There are over 500 versions of Cinderella and I have a feeling we would be covering quite a vast majority of them as we go through our Fractured Fairy tale theme this July and August. This one, however, as created by Robert D. San Souci and David Catrow is surprisingly fresh and grotesquely delightful, it appeals to the macabre in me. I love it. I knew that we could not let our bimonthly theme pass without me featuring this book.
A Fractured Fairytale in Rhyme. Ever since I received Holly Thompson’s Orchards, I am fascinated by narratives that are purely in verse (I have yet to read Karen Hesse’s Out of the Dust which was loaned to me by a very dear friend). It came as a pleasant surprise to read a picture book purely in verse that does not sound lilting, juvenile, or with a feel-good, sunshiny-rainbows-and-lollipops kind of vibe. Far from it:
Cinderella Skeleton Was everything a ghoul should be: Her build was long and lean and lank; Her dankish hair hung down in hanks; Her nails were yellow; her teeth were green - The ghastliest haunt you’ve ever seen. Foulest in the land was she.
Riveting, isn’t it. To be described with such grisly gusto, she must be quite a sight.
Robert San Souci has also described in a brief essay how the entire notion of Cinderella Skeleton came to him – his motivations and inspiration – and how it came to be in verse:
The idea for the book came to me when I happened to see one of those hand-painted motorcycle jackets that had a wonderful skeletal figure on the back. I think it was dressed as the World War I flying ace, the Red Baron-wearing an old-fashioned helmet with a red streamer. As I was walking along, I started to think of how much fun it would be to blend my love of things “ghostly, ghastly” with picture books. Envisioning some of my favorite stories recast in Halloween terms led me to my favorite tale, “Cinderella,” and, eventually, to the phrase “Cinderella skeleton.” It had a nice internal rhyme and a rhythm that quickly began to suggest a pattern for poetry. A first draft of this “fractured fairy tale” came together in a matter of days. (source here)
The Underworld has Evil Stepmothers/Stepsisters (and indifferent henpecked fathers too). In keeping with Cinderella’s lowly status, things apparently do not improve in the afterlife. Makes one think that perhaps everything that is happening is doomed to happen yet again and again in an endless infinite loop (similar to how our sense of fashion go back in a tiresome circuitous manner).
While there are parallels, there are clear divergences as well. The stepsisters remain evil, along with the vile and vain stepmother (where would fairy princesses be without a wicked stepmom). The divergences though are in keeping with the whole deliciously-moribund theme: (1) a witch for a grandmotherly, absentminded fairy godmother (come to think of it, exactly how different are they: witch – fairy godmother – sounds the same to me)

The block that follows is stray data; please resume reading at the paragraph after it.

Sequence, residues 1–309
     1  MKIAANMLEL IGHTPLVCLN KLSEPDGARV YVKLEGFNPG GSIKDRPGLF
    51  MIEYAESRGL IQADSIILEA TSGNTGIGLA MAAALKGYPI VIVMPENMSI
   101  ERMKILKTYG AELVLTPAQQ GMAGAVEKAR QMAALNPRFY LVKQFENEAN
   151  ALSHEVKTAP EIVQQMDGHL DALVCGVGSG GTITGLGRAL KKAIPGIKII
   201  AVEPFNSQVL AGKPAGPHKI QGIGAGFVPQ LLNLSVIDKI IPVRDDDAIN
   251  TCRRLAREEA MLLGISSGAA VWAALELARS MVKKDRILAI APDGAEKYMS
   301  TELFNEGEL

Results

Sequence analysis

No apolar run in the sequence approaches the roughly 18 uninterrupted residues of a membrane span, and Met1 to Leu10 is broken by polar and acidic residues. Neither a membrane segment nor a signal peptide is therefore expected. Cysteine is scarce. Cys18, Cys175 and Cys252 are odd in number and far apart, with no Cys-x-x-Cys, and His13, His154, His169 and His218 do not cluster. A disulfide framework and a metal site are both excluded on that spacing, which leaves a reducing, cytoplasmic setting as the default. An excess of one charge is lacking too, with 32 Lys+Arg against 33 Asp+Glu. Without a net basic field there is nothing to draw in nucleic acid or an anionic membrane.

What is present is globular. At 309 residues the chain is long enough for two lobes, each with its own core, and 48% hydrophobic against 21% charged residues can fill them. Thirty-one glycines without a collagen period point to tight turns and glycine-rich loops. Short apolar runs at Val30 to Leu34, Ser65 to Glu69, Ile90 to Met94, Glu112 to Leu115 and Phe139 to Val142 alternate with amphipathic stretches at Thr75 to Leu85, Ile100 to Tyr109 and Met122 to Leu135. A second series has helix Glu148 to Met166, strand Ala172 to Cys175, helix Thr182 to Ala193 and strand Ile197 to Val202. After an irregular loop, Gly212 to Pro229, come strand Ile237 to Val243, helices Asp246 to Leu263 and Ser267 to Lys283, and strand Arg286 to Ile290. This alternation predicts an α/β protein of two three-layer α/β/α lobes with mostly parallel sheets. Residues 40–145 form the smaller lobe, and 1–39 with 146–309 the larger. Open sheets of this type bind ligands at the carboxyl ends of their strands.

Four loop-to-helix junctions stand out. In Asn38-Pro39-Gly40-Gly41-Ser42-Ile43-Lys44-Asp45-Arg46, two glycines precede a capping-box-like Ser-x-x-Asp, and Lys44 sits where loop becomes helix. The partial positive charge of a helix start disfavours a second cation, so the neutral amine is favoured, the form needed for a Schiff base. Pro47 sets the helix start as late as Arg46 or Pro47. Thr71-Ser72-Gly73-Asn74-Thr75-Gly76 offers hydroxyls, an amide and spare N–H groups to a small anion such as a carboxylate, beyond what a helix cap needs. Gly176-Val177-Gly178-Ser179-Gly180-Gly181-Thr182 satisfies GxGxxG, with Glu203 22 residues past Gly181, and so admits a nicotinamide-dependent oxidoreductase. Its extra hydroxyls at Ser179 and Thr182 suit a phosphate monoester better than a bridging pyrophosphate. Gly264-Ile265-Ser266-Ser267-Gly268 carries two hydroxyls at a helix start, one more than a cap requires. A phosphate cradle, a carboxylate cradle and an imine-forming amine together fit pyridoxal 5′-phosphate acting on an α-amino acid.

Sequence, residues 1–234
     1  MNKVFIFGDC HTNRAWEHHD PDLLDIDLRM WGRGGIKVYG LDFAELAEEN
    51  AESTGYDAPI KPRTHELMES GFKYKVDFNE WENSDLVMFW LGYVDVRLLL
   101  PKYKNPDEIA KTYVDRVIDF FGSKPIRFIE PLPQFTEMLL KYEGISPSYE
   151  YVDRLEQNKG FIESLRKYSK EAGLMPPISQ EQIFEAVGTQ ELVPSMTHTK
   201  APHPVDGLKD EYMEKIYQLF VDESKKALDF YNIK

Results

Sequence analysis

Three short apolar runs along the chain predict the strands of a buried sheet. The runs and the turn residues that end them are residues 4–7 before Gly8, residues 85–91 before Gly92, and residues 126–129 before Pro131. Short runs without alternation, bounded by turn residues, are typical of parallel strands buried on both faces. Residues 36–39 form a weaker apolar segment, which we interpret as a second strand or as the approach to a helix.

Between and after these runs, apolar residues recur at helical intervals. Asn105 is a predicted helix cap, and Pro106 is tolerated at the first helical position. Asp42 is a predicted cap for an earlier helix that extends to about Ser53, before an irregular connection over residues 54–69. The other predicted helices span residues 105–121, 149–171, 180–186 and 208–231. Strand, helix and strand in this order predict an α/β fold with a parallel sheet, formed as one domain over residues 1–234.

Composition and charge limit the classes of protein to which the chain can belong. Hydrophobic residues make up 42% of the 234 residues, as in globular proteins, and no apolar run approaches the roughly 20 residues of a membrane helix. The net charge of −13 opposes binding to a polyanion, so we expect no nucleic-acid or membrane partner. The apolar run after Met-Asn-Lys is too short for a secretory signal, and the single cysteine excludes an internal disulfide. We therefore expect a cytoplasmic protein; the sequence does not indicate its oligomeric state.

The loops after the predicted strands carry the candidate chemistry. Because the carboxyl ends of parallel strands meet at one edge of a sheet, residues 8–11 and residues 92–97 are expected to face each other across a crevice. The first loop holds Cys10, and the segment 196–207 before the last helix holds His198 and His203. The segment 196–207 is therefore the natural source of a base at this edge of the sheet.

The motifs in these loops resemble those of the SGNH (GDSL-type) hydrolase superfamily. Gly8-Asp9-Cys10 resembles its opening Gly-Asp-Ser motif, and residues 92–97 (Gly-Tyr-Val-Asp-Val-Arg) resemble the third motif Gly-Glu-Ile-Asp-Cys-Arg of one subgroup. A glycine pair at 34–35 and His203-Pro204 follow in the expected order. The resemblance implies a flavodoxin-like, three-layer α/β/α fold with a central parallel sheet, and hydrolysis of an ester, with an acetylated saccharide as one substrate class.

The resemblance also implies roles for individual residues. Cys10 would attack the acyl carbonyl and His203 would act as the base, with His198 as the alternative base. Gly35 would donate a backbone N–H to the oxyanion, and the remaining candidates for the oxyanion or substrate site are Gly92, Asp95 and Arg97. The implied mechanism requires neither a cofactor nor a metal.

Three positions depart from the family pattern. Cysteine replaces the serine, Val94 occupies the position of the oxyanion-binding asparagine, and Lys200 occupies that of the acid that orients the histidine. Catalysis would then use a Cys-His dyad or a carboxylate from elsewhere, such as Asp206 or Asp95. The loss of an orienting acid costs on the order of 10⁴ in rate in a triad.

(2) Cinderella’s task around the house does not entail scrubbing the furniture and the floors clean – rather, she is tasked to hang up cobwebs, arrange dead flowers in a vase and litter the floor with dust and leaves (not to forget the feeding of the bats beneath the eaves) (3) Cinderella still managed to travel in style, yes – but not your boring old coach with the handsome steed – she had a funeral wagon and nightmares which are part-horse and part dragon at her disposal – how fantabulous! (4) Cinderella did not just leave her glass slipper behind – her bony foot came off with a snap. How’s that for a change?
There are more, but this could be a task that you and your children (or students) can tease out as you read the book together.
Teacher Resources and Links. I found a few links that teachers or parents can use as this book is shared with young children. A teacher guide has been prepared by Scholastic here - it includes suggested activities and tasks that could be done before and after reading the book. This link, on the other hand is prepared by Mary Beth Duncan for Collegelivetext and it includes activities that could be shared with second graders.
Robert D. San Souci is the award-winning author of numerous books for children. He was born in San Francisco and still lives in what he calls as “The City by the Bay.” Most of his books are retellings of traditional tales which celebrate the diversity of peoples and places across the globe. If you wish to know more about him and his works, this is his official website.
David Catrow is the illustrator of numerous notable books for children and I absolutely enjoyed the way that he described himself in his website:
I have worn all kinds of hats. Big ones, little ones, motorcycle
helmets, chef hats, train conductor hats, baseball caps, red hats, blue hats, fireman helmets, surgeons caps, green and yellow striped hats, a Davy Crockett hat with a long bushy stripped tail going down my back. Maybe even a pot or pan if I’m in the mood. I have worn hats with feathers and strange contraptions and hats I find in the attic. Sometimes I wear more than one hat at a time and people will stare at me like I have two heads. Every day I get to wear the hats of the characters I create because I am a children’s book illustrator (source here).
Click here to be taken to David Catrow’s official website and learn more about his works.
Cinderella Skeleton by Robert D. San Souci and Illustrated by David Catrow. Silver Whistle/Harcourt, Inc. Florida, 2000. Book borrowed from the community library.